Friday, June 24, 2011

A cookie might be healthier than a major head injury...

Last night I came out after an hour-long bedtime feeding bedtime with Squeak, and Bean immediately said (in one breath), "Can I have a snack I need something with protein and not sugar."  (Yes, really.)

And The Beast informed me that the cookie saga had continued.

Apparently, Bean had been up in the kitchen for a little while and The Beast had been back in the office.  Bean came back to proudly report that he had "managed to get the cookies."  They were on the highest shelf in our pantry.  That's over six feet up. 

First, he tried the pretty safe step stool he can unfold and push wherever he wants it:

So cute!  So safe!  So 17 months old!  And we can just put things out of reach, right? (No.  Not right.)
Apparently, when that didn't work, he headed to the bathroom and got this:
Kidcraft Step n Store
What's that you say?  A 10-inch-tall step stool does not appear to get him any closer to 6-plus-foot-high cookies than the much taller kitchen step stool?

Well it does if you put it on the top step of that kitchen step stool.

At this point I had a minor heart attack but then couldn't stop laughing because I can't believe my kid is now that kid who will do anything for a cookie and tells us proudly how he (albeit unknowingly) defied death.

And it only got better.

Apparently, when that still did not get him cookies, he stood on the stability/handlebar part.
Yeah.  That part that his feet shouldn't come near and that is totally meant for safety.  He stood on it!!!  

He got the cookies.  And he couldn't open the package.

Next time I'll probably just give him the cookies and let him go to town.  Better than falling from six feet up...

The end.  (I hope.)

Thursday, June 23, 2011

The kid has mad skills (of the reasoning variety)

14-month-old Bean checkin' out a logic textbook

I came home from errands that brought home cookies for dessert and overheard The Beast asking Bean "are you absolutely sure you don't want whatever Mom brought home?"

"Yes, I'm sure" came the reply.

And Bean came out to excitedly show me the gummy worms he was having for dessert.  He informed me emphatically (pointed finger and all), "I cannot have what you brought home.  I'm having gummy worms.  Ok?  Ok."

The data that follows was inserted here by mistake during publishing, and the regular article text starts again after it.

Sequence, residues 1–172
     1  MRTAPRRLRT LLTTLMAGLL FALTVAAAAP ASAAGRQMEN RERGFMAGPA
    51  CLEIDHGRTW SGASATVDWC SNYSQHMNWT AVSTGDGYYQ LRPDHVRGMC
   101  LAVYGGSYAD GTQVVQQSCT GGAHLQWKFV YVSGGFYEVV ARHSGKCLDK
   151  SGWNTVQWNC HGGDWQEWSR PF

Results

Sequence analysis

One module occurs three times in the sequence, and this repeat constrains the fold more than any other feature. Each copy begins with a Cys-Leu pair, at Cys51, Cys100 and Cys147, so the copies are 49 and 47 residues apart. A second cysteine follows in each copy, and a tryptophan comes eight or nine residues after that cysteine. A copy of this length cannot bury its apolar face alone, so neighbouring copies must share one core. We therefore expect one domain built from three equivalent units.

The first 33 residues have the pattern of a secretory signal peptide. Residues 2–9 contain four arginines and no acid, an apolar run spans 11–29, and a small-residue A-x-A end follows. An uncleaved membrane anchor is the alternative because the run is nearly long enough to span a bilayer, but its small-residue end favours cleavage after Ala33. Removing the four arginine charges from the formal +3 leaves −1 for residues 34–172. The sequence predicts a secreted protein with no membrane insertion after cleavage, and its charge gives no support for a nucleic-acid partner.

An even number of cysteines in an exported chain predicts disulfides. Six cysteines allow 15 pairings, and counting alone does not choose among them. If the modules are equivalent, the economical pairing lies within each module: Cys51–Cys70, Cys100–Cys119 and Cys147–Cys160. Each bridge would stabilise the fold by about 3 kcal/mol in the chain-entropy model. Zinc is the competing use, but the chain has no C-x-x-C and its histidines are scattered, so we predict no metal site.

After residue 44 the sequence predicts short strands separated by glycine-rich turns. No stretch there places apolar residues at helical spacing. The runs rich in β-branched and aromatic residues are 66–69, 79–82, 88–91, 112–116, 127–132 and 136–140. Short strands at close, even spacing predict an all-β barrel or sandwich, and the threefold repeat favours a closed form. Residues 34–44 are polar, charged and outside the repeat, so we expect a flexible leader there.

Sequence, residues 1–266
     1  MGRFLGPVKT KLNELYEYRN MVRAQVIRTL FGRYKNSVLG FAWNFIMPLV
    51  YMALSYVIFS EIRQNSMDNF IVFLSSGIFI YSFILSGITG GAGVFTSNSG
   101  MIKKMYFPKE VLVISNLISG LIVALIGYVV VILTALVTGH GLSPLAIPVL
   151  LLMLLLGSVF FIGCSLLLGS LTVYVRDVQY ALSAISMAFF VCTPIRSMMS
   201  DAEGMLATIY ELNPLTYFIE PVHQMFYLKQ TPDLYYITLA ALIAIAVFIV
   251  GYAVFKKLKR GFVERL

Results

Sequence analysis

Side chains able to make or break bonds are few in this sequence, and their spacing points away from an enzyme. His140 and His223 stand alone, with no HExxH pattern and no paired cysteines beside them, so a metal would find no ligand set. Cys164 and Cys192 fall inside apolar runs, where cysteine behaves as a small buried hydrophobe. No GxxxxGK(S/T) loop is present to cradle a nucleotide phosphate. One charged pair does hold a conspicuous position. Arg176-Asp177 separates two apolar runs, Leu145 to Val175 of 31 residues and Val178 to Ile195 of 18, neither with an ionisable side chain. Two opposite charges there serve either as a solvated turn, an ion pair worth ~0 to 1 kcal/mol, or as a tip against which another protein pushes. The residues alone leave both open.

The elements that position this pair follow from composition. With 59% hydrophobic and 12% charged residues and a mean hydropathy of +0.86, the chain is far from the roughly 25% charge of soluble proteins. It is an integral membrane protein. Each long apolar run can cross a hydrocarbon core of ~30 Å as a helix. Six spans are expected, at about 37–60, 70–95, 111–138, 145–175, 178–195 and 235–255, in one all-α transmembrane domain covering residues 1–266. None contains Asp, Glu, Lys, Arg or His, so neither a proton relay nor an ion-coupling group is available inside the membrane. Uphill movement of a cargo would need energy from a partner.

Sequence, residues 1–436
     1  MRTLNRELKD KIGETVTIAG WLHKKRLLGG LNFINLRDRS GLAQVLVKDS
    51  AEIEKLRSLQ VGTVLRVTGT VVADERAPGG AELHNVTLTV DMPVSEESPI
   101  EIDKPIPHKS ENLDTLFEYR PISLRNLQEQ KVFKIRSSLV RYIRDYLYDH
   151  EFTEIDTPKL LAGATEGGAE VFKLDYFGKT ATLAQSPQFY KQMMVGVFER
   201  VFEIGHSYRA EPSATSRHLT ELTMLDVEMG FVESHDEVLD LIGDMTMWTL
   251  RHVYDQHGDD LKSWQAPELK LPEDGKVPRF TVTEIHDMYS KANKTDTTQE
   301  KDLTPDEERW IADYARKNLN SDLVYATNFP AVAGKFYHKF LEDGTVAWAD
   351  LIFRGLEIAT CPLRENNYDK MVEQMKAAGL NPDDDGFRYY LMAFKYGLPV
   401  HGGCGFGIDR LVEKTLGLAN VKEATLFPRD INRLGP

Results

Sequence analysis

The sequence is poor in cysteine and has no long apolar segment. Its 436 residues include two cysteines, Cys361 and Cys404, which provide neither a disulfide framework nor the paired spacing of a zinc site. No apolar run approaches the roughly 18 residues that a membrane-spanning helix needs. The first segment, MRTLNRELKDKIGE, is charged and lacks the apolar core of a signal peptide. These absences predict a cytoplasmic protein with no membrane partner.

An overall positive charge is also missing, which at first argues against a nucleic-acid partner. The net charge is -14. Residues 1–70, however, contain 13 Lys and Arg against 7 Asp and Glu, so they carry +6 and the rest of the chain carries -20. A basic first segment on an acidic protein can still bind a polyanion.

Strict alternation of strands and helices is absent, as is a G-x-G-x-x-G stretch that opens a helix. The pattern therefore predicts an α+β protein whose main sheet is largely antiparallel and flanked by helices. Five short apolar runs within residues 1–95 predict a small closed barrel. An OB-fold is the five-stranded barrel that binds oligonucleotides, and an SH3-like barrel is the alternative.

Fast forward 20 minutes and Bean watched The Beast eat a cookie, so he runs to me and says "Can I eat lunch and then after that have a cookie?"

"Sure," I answered,  "After lunch tomorrow you can certainly have a cookie for dessert!"

"Can I have lunch right now and then have a cookie?"

"No, sweetheart.  Tomorrow after lunch you can have a cookie.  Remember when you chose gummy worms for dessert, and then Dad made extra sure that you didn't want whatever I brought home?"

"But...but...I will share a gummy worm with Dad and then he can share his cookie with me!"

" you have a gummy worm to share?"  I asked, already impressed with his problem-solving.

Bean turns desperately to The Beast and says in one breath, "Dad will give me a gummy worm so I can share it with you so you can share a cookie with me?!? PWEASE????"

"No," The Beast responded, stifling a laugh, "I'm not giving you a gummy worm so you can share it with me.  You already ate your gummy worms."

"Will you share a gummy worm with me so I can share it with you so you can share a cookie????"

There was no stifling the laughter.  Poor kid.  Trying sooooooo hard with the rules he knows!

The Beast said, "I'm sorry, buddy.  I know you are so upset, but these are the consequences of your choice.  You had gummy worms instead of a cookie."


"No.  Can I read a book with you to help you calm down?"

("WAAAAAAAAAAAAH Cookie Waaaaaaaaah!")

(Sniff.  Sniff.)  "Will you read a book wif me?"

(No, they did not read the textbook to calm Bean down.)

"You will always be my baby."

It was nine months ago - almost to the day - that Bean fell asleep on his own for the first time in his life (no exaggeration).

Currently, he takes a nap each afternoon.  And not only does he go to sleep on his own, but he refuses to let me snuggle him to sleep on the very rare occasion I am not needing to snuggle, walk, change, nurse, or otherwise entertain Squeak.  At night, he sleeps either snuggling with The Beast or alone in the living room (the nighttime sleep arrangement and our current sleep schedules are a whole other post...).

Lately, I find myself missing snuggling my firstborn.  Even though I have probably spent the equivalent of months of my life snuggling him (and often awake doing it in the middle of the night while he was restless!) and even though I am snuggling Squeak all night every night, I miss snuggling Bean.